Photobucket - Video and Image Hosting A friend just told me about this book and I am considering buying it to add to our repetoire for next year. These short feel good type of stories are perfect for the kids to listen to.


Even if you are not Christian or particularly religious I think gathering together every night with your entire family, reading by candlelight, and sharing some good stories is a worthwhile experience. It sets apart this time of year as special. A time that encourages us to think more of others, to be a tad more considerate than we might ordinarily be, and to build some memeories that will be cherished for years to come.

Let’s talk holiday traditions

December 8th, 2006

Whatever holiday it is that you celebrate.

What sort of traditions do you have in your family?

We have several that the children enjoy. Occasionally we will try something new, add it into the mix and sometimes they stick and sometimes they don’t. The Advent calendar is one of those things. If I buy one the kids like it, but they don’t really miss it if I forget, like I did this year. I am going to spend the next week talking about the various traditions that we have established for our family during the holidays.

We are a family of readers. it only makes sense that the first tradition I write about is about books.

Christmas Books

Basket of Chrismas books

Every year I wrap all of our Christmas story books in wrapping paper and put them in a basket. Each day the younger children take turns picking out and unwrapping a book for us to read. And yes, we have over 25 of them. (Advent varies slightly in length from year to year– this year it began December 2nd, so we will double up on a day when one of the children happens to pick a short book.)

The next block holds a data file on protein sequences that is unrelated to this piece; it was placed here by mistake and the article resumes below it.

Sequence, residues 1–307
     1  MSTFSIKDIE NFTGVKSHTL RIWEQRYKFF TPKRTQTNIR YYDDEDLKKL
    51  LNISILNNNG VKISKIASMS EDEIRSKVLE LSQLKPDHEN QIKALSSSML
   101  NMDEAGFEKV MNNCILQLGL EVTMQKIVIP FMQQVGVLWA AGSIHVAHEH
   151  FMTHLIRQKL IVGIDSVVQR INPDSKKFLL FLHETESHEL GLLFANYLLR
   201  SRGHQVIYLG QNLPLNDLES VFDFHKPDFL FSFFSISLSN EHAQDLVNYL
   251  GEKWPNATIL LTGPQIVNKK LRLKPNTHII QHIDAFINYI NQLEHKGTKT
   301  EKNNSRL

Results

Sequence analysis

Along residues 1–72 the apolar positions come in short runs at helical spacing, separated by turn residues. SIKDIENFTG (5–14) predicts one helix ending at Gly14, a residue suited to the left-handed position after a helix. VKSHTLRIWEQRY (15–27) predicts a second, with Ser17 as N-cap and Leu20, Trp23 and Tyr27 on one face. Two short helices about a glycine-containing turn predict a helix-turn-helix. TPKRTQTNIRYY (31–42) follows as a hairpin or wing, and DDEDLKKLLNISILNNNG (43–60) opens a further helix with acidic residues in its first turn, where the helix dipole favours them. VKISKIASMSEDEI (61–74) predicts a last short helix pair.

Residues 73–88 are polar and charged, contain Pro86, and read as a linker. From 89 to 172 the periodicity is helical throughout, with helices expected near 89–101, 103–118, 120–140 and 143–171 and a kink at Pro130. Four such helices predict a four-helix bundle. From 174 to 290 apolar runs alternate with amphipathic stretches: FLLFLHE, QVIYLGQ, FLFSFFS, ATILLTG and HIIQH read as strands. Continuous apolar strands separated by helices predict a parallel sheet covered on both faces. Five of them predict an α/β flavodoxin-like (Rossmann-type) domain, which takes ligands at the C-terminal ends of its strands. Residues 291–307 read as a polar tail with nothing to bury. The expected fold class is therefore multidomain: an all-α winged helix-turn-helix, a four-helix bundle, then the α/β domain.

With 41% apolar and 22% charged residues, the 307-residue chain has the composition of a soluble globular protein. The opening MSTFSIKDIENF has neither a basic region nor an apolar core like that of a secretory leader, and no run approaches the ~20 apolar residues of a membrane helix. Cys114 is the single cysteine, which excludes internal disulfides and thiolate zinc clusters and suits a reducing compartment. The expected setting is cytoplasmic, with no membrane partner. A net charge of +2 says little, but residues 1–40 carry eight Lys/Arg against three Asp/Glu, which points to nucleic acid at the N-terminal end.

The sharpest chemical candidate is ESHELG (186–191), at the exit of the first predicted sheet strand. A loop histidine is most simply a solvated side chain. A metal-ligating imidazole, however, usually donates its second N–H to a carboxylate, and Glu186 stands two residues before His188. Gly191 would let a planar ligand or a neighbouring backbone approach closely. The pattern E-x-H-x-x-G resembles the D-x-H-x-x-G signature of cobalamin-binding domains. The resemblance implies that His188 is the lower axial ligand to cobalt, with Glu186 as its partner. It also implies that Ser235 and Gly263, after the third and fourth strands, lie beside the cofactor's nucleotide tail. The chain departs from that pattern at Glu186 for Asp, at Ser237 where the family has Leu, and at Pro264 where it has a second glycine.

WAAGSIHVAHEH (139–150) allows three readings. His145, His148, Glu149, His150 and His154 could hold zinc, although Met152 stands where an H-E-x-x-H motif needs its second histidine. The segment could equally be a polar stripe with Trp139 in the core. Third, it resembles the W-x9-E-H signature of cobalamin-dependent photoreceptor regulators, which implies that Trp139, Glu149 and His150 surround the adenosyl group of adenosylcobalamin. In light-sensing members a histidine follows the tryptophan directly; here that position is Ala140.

The books vary from the tried and true old classics like, Twas the Night before Christmas

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to the modern classic, Polar Express

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to books like the Berenstain Bears visit Santa Bear, I’m not posting a picture of this one.

Every year I try to buy a few more books to add to the mix to replace some of the lesser loved (usually by me) or too juvenile ones in our collection. I look for rich quality pictures and an engaging storyline that appeals to both grown-ups and children.

Today we read The Christmas Miracle of Jonathon Toomey

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This book is a perfect example of the sort I try to find. The story is deep enough that a twelve year old can listen to it and discuss it afterward, but the beautifully detailed illustrations keep the interest of an almost 2yr old while I am reading.

So tell me what are your holiday traditions? Do you do something unique or fun that your family enjoys? Or did you do something as a child that you hope to continue as an adult?

Write about it on your own blog if you like and leave a link to the post in the comments.

I’m not dead, it just seems that way

December 6th, 2006

Hello? tap tap tap Is this thing on?

I have new posts coming. I do, really I promise.

I have been fighting spam over here and so I have turned off comments on all my old posts. Deleting a couple hundred a day was getting old.

I love this time of year, steeped with family traditions and fun. And also “fun”

But it is busy. I have lots of half posts and thoughts jotted down. Lots of emails I mean to reply to. But finding the time to sit down and type them out coherently has not been happening.